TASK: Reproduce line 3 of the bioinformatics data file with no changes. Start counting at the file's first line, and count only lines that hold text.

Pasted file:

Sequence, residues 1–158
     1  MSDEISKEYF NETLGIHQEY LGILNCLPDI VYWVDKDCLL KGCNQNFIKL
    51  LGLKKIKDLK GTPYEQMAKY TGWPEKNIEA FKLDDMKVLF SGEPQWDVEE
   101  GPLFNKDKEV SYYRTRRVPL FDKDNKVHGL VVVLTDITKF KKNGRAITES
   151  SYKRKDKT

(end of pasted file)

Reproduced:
    51  LGLKKIKDLK GTPYEQMAKY TGWPEKNIEA FKLDDMKVLF SGEPQWDVEE